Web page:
My hand was hovering over the phone I was going to use to oh-so-casually call Carol Kane — much in the same way I’d call my mom or, say, my plumber. Except I was nervous, and that was weird.
You see, I’m not really the star-struck type. I think “regular” people are just as important as celebrities. I’ve never hosted an Oscar party and I wouldn’t know a designer gown if it mugged me in a remarkably well-lit alley. I respect talent and, sure, I like a little gossip now and then — but I wouldn’t sell my first-born child to watch Matthew McConaughey eat a pastrami sandwich or anything.
But this was Carol Kane — the dizzyingly strange, hilarious-yet-oddly-touching-Bill-Murray-smacking-Simka-Dahblitz-Gravas of my childhood (gasp!). I was 7 when I started looking forward to watching Taxi (still my favorite sitcom of all time) every week, and it wasn’t just because there was a boy at school I had a desperate crush on who shared his name with Bobby Wheeler (Jeff Conaway), one of the cabbies. I loved them all, including Latka’s (the late, great Andy Kaufman) high-strung wife, Simka, portrayed with Emmy-Award-winning brilliance by Carol Kane.
It stands to reason, then, that I was pleasantly surprised to learn Kane is directing Belfast Blues — a tragic and funny tale of one woman’s inspiring triumph over adversity — presented by the Rubicon Theatre Company through Sept. 13. I was to interview Kane, the woman who played opposite Bill Murray as the Ghost of Christmas Present in Scrooged; the actress nominated for an Oscar for her performance in Hester Street. I would have the profoundly unnerving honor of speaking to the unspeakably talented Ms. Carol Kane … but, what if she was a horrible wretch of a woman completely unlike the person she appears to be onscreen? Or worse, what if she hated my guts?
Fortunately, neither turned out to be the case — though I did gush shamefully and with pathetic, fawning abandon. I’m not going to lie to you: I was a little disgusting, but Kane is a thoughtful, intelligent lady who, though presently performing on Broadway as Madame Morrible in the musical, Wicked, is clearly invested in Belfast Blues, playwright and actress Geraldine Hughes’s personal tale of war-torn Belfast. It’s also Kane’s debut as a stage director.
“It’s just such a specific truth,” Kane says of the play, “the journey of this one girl who grows up with war and deals with war every day, and then blossoms into this vital person and saves herself.”
Having been raised in abject poverty in Northern Ireland, Hughes conveys her experiences via her one-woman show, in which she portrays more than 20 colorful characters that range from her parents and neighbors to her younger self. “It’s amazing to see this child grow up in these circumstances,” Kane says. “She had this extraordinary will to survive — not just to exist, but to have a full life.”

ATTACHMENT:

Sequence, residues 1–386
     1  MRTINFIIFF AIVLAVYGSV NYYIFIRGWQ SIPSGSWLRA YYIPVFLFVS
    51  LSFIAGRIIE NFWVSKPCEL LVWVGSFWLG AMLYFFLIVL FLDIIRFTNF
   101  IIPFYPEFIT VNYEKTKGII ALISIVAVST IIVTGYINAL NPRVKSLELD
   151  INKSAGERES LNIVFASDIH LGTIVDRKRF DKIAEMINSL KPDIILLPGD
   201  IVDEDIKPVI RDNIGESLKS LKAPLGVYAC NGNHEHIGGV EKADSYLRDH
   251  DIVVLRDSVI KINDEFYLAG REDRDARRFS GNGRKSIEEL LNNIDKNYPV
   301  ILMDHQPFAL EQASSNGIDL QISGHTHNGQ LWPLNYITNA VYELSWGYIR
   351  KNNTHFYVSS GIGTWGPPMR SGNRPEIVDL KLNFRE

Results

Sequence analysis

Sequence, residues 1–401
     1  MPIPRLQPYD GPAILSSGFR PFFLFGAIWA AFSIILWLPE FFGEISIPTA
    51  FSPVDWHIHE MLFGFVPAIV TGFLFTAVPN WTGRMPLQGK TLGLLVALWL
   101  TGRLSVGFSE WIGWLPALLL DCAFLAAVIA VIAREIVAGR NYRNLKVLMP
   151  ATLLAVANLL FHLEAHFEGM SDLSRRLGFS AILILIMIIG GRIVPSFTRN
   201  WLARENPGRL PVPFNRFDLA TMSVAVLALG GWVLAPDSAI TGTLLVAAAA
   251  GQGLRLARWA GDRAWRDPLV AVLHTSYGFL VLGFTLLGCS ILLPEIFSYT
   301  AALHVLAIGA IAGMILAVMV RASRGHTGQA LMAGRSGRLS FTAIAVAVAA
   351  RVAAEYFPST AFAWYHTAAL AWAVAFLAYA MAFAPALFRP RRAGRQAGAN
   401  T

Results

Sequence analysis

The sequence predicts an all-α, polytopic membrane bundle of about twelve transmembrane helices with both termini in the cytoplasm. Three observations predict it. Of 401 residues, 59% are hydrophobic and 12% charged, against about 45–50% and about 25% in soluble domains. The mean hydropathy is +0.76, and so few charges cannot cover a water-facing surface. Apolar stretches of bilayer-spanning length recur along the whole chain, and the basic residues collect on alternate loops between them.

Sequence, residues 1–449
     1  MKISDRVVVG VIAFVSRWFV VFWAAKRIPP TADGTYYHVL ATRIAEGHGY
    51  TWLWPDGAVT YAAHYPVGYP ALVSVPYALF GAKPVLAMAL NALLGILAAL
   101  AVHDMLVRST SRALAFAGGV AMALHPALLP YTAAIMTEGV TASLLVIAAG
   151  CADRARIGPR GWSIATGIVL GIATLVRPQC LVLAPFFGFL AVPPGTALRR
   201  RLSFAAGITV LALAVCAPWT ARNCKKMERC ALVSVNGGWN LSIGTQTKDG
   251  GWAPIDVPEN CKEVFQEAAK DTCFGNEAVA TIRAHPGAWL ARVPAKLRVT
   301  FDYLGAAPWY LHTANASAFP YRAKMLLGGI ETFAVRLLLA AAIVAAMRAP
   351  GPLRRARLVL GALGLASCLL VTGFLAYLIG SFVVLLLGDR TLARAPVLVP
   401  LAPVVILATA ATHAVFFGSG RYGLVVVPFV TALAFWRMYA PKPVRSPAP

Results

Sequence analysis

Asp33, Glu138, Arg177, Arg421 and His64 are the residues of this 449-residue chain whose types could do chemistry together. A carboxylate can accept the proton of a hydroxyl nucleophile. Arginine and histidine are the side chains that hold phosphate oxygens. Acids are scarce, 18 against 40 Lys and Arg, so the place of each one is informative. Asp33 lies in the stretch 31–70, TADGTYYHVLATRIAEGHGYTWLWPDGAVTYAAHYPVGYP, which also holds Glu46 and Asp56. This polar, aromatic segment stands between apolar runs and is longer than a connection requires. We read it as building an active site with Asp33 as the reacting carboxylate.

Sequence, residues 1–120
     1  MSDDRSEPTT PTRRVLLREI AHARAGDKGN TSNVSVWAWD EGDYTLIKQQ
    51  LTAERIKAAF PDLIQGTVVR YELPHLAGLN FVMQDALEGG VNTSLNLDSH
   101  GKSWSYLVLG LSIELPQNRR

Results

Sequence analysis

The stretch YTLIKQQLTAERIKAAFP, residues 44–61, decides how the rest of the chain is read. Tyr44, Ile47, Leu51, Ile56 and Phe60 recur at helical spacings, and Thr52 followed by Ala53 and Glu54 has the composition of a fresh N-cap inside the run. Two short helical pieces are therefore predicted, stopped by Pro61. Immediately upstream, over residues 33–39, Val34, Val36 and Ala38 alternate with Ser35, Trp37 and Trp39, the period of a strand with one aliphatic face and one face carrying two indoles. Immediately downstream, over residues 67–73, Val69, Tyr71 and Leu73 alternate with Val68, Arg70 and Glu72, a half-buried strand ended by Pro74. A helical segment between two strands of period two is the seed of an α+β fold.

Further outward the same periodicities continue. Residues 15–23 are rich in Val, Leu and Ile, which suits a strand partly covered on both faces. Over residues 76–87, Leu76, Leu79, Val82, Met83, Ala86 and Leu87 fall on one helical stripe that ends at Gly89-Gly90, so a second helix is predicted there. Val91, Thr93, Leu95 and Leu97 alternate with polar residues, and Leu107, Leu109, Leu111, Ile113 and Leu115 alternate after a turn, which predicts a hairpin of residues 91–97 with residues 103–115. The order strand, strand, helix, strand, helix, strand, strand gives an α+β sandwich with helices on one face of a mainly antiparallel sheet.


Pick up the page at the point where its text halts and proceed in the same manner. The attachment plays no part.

Kane met Hughes when Hughes was a nanny for the children of some friends. She was later struck by Hughes’s talent the first time she saw her on stage. “I was shocked, just bowled over,” Kane says. “She’s someone who, once you meet her, if your eyes are open, you know she’s on a journey that you have to get behind. Once you see her on stage, there’s just no question there’s only one of her.”
Kane was first introduced to Belfast Blues when Hughes visited her at her Los Angeles home to read an early draft of the piece for her. “It was so funny, so raw and special,” Kane says. So Kane followed the project, made a few notes at the request of Hughes, who ultimately asked Kane to direct the play in New York.
“It’s a complete collaboration,” says Kane of her partnership with Hughes. “I don’t sit there and say, ‘Do this and do that.’ The piece is her … I’m just a spoke in the wheel, so to speak.”
Another spoke in that wheel is Jonathan Christman, the scenic, lighting and projection designer for the show, which incorporates slides that help Hughes tell her story. “There are slides in the piece that tell stories about Belfast,” Kane says. “They have a voice in the piece.”
During the show, set during the 1970s and 1980s, Hughes gracefully transitions between characters, some of whom resonate so well with audiences that they’re recognizable as separate people when Hughes takes individual bows for each. “She’s playing all the significant people in her life,” Kane says. “You really don’t have the sensation of watching a one-woman show. You see them all.”
Addressing the differences between screen and stage work, Kane admits that each medium has strengths and weaknesses. “The most important thing is that the writing is good — and if you get a good director, you really lucked out.”